"Every appointment I’ve said to myself, 'OK if it’s healthy today I’ll announce' but then I breathe a sigh of relief to hear a heartbeat and decide I’m just too nervous still," Teigen wrote in her pregnancy announcement posted on Instagram. She added that while "everything is perfect and beautiful" and she's "feeling hopeful and amazing," she also wrote that she doesn't think she'll "ever walk out of an appointment with more excitement than nerves."
Teigen is not alone in feeling nervous during a pregnancy that follows a traumatic loss. One in four pregnancies end in a miscarriage, and nearly one in 100 pregnancies at or past 20 weeks gestation will end in a stillbirth, when the baby dies before or during childbirth.
I am one of those statistics.
At the end of 2013, I was shocked to learn I was pregnant with twins. Always ambiguous about if not slightly disinterested in motherhood, I was surprised by my immediate reaction — one of fear, yes, but also profound joy and excitement. I would be a mom after all, and I would start that journey as a mom of two.
Nothing about my automatically high-risk pregnancy was particularly noteworthy at first. The morning sickness was often debilitating, yes, and the food cravings and aversions as erratic as my hormones.
At 12 weeks, a scan revealed Twin B had a thicker neck than Twin A — a possible sign of a chromosomal abnormality. At 16 weeks, doctors performed a chorionic villus sampling (CVS) procedure, when a doctor inserts a long needle through the stomach and into the placenta to remove chorionic villi for testing.
The tests were all negative — our future sons were healthy.
Then, at almost 20 weeks, while on a flight to visit my brother before he deployed overseas, I lost consciousness. When I awoke, I was surrounded by flight attendants and two OB-GYNs who happened to be on the same flight. I was visibly pregnant. We all had the same look of concern on our faces. The air was thick with fear.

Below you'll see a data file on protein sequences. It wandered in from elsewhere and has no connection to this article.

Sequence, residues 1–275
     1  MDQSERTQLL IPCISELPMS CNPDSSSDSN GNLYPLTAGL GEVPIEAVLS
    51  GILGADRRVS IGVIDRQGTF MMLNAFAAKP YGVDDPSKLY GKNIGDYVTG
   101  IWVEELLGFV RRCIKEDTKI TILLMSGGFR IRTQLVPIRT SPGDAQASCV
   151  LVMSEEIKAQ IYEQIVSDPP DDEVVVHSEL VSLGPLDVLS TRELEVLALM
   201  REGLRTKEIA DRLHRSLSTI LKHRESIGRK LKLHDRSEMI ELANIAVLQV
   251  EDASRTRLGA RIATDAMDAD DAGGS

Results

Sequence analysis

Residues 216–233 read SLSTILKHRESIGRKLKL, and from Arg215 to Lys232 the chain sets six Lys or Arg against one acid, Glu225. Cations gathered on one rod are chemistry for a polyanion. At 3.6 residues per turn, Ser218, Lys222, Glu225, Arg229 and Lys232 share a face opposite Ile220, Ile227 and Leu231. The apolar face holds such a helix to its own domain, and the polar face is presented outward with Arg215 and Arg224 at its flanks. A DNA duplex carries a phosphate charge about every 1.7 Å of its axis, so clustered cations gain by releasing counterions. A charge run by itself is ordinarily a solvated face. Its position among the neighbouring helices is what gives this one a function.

Once the plane landed, I was rushed to a nearby hospital where I was hooked up to IVs and numerous monitors and given an ultrasound.
It was in a crowded emergency room, in a hospital I had never been to, where a doctor I had never met told me Twin A no longer had a heartbeat.
I would no longer be a mom of two. Instead, I would carry the remains of Twin A with the hope I would not go into early labor and lose Twin B, too.
After Twin A's heart stopped beating I was closely monitored multiple times a week, every week, until I gave birth. Thankfully, my body carried life and death simultaneously — I made it to term and welcomed a healthy baby boy into the world.
My body carried life and death simultaneously — I made it to term and welcomed a healthy baby boy into the world.
I also delivered the remains of the baby who would never be. I became a mom in a room where joy and sadness, relief and anger melted together.
I thought that when I left that room, the room would hold those feelings back from following me. Time would work in my favor, and I'd forget the fear and anxiety that encapsulated my foray into motherhood.
In 2018, after finding out I was pregnant again, I realized I was wrong.